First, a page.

I’m teary this weekend. It’s hard to watch the news because my mind pivots to the many clients who spoke of their losses the days, months, and years post-9/11. As we commemorate the 20th anniversary of the terrorist attacks of September 11th, 2001, those of us who remember can clearly recall the exact circumstances when we witnessed or heard of the attacks. I am one of the fortunate who worked downtown, but I had taken the day off to attend a seminar. I never worked in the World Trade Center, but our social service center had a direct view. …


I remember when I was in my 20s I took a self-help seminar. I was doing a team activity, and I really didn’t like one of the members. She was inappropriately rude, saying things like, “I can feel your anger. Your jaw clenches. It’s not pretty. Why don’t you just let it go?” Though it enraged me that she would say such a thing, only adding to my ire, I thought I was supposed to become more tolerant of others. …


Sweet Sixteen. It doesn’t feel so sweet these days. I remember when I was turning sixteen, I yearned to have a fancy party as many of my friends were having that year. We couldn’t afford an expensive affair, so I begged and cajoled my parents into allowing me to have a house party. My mother did not enjoy entertaining, nor did she feel comfortable in having a good number of adolescents in her home. I didn’t realize at the time what a gift she was giving me just by saying yes.


I shifted my routine earlier this week to catch the sunrise. Typically I relish the space between sleep and daytime. The sweet spot of the morning. Following those moments I shift into meditation, then move on from there with coffee and the rest of the day. As soon as I awoke I brushed my teeth and ran to the East River to get a glimpse of the sunrise.


I’m in my congested closet trying to decide which of the various, multi-colored pocketbooks and bags I’m going to let go. I tend to rely on the same two or three, but I love to choose from the others on special occasions. Of course, there have been few special occasions in the past year or so. Nonetheless I had the privilege of attending a joyous outdoor event last night, and though no one else would care, I was so happy to sport the perfect small, blue bag for the evening.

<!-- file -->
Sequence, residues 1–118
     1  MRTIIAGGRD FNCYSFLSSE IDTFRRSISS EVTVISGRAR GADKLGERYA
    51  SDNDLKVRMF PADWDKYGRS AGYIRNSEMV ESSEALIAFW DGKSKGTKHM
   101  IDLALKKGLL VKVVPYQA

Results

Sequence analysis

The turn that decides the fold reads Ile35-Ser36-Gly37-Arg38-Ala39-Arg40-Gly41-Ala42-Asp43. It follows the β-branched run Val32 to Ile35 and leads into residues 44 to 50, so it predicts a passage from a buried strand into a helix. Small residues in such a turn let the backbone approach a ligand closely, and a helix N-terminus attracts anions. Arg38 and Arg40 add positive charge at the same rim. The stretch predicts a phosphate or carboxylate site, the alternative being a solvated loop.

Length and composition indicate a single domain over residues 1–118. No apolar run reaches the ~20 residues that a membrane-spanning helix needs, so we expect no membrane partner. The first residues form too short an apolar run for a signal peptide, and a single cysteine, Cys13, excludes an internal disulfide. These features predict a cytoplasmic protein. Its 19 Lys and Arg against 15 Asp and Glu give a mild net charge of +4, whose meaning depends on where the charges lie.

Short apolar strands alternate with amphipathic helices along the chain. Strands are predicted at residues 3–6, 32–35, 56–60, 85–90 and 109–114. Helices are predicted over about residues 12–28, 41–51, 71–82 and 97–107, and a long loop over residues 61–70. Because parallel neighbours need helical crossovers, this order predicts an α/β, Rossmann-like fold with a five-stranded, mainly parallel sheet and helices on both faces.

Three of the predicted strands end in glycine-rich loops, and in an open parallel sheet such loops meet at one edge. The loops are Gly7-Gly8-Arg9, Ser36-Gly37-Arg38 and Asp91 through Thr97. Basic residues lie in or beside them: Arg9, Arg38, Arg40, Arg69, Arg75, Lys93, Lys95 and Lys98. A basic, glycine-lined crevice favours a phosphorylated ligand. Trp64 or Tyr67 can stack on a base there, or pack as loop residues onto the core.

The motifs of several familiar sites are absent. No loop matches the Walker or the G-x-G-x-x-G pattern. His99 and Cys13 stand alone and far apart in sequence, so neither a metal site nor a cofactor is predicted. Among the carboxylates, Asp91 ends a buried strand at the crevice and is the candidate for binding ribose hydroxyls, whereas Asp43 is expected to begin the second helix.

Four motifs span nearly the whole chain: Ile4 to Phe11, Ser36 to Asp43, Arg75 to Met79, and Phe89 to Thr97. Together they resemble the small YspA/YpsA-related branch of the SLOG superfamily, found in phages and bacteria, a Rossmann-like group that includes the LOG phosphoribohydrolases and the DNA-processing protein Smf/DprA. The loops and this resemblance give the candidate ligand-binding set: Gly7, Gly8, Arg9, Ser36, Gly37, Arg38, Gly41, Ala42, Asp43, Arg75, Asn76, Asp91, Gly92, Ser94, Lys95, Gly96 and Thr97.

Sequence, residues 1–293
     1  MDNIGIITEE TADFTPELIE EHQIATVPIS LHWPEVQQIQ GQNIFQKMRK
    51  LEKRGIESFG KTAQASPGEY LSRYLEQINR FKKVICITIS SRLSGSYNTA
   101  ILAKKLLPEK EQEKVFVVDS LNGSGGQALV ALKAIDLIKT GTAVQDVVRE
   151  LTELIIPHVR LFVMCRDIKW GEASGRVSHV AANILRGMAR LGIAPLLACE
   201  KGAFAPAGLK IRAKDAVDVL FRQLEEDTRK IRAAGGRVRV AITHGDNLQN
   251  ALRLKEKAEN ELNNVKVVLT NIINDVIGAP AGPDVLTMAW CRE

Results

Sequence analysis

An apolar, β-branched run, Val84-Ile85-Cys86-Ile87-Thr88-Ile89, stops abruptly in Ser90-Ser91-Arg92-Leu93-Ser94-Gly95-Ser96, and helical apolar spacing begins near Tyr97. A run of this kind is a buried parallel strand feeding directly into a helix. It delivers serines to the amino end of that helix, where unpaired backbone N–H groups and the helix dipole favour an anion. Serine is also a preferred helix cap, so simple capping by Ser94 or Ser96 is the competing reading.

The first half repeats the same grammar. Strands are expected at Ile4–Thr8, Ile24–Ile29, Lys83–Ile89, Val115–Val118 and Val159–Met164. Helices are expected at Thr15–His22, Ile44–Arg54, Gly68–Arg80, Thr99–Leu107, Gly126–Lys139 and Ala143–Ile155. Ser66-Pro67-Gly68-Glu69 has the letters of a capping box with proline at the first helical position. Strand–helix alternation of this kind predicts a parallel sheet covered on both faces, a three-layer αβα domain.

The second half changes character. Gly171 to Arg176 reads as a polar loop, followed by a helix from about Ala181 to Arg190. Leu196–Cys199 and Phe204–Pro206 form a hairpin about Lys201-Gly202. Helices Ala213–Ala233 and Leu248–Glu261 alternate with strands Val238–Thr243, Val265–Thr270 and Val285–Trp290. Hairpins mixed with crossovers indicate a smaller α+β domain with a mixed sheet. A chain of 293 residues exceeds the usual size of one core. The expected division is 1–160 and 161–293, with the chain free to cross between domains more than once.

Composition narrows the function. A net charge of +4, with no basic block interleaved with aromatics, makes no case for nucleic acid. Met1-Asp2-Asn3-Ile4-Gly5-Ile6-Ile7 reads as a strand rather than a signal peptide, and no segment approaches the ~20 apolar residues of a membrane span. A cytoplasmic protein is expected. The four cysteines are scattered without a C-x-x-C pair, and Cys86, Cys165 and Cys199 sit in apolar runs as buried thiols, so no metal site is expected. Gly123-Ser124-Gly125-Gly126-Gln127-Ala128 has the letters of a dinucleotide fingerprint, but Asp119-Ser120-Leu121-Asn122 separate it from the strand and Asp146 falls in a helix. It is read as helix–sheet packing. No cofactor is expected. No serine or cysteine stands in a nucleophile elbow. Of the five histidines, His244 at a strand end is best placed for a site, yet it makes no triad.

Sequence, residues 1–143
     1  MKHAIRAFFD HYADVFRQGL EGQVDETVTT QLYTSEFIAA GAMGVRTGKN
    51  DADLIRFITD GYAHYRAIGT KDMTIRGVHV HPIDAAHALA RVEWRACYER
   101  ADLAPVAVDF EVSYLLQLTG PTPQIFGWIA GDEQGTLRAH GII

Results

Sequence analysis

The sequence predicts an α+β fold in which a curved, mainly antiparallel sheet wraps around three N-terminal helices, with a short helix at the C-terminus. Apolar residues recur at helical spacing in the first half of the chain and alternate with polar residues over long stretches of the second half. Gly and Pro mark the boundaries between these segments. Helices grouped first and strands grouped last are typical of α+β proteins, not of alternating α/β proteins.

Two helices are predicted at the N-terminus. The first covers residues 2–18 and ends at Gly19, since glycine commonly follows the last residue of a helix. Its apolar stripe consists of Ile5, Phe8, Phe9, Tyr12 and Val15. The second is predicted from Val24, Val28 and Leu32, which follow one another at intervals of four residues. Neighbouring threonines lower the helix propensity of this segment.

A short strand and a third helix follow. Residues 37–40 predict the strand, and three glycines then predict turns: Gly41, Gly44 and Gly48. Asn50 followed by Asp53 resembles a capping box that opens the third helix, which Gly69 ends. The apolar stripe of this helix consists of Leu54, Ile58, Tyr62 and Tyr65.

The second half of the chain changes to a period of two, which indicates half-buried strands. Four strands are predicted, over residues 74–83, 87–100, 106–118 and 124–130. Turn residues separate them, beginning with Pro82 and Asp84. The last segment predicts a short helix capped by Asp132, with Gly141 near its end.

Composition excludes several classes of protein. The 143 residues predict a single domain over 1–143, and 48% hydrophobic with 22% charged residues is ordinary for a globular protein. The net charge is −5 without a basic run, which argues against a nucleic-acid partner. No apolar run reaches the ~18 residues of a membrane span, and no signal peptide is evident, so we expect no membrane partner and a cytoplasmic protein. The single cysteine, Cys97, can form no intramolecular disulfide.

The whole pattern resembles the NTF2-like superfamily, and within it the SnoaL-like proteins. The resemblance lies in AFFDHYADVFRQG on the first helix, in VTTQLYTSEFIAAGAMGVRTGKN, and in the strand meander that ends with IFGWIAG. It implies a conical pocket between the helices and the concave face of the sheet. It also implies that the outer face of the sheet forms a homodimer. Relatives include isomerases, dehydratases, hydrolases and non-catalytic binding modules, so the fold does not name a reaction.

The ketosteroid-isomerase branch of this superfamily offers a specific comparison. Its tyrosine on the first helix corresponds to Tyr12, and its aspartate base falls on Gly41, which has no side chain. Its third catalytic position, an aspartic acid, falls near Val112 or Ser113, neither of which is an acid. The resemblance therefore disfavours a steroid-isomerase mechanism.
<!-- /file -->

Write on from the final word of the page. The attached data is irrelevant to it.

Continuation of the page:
When I was in the fifth grade, our teacher, Mrs. Hannah, introduced the idea for a swap lunch. The concept was that mothers (it was 1970) were to create a brown bag lunch, and they would be swapped for a lunch with another student. We picked names out of a hat. As there was an odd number of children in the class, Mrs. Hannah was going to provide a lunch as well. I can’t remember who was the recipient of my mother’s lunch. But I do recall being mortified. It included a tuna salad sandwich on Pepperidge Farm white bread…


I still remember my summers visiting friends and family at the Jersey Shore. This was well before Atlantic City was burdened with casinos. These were the days of shows at the Steel Pier and fragrant strolls on the boardwalk with Mr. Peanut greeting us on our way to James for salt water taffy. Those were the lazy summer days I enjoyed in my former years.


This morning was clear and cool enough for summer. My knee wasn’t hurting and I could take a slow run by the East River. Ah, a moment of little pain. A small yet welcomed gift when my days are full. Not only could I run after a week of limited walking, but I could enjoy an empty promenade with friendly passers-by. That all added up to a great start to the day.


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When I was a child our family would pack into our Ford station-wagon and head out to Pennypacker Park to watch the fireworks. We played in the playground or chased fireflies until the moment when it became dark. Then the night would light up and we cheered with delight as we gazed skyward. It felt magical to enjoy a hot night of colorful pyrotechnics. The crack, pop and whiz of the fireworks foretold if we’d be seeing a Roman Candle or a burst of high-definition pink chrysanthemum. My favorite was the waterfall, cascading sparkles in the sky.


Happy Pride Day. Today our trans son is celebrating. 24 years ago we unwittingly scheduled our wedding on Pride Day. Some friends fittingly missed our straight wedding to celebrate their identity while they marched for their rights. Others gay friends were generous to give up their place in the parade to witness our wedding. And everyone had to deal with the traffic that was rerouted to accommodate the crowds and the parade. Larry and I realized then the privilege we enjoyed by being able to get married in 1997.

Janet Zinn

NYC Psychotherapist, writer, wife, mother, & more...

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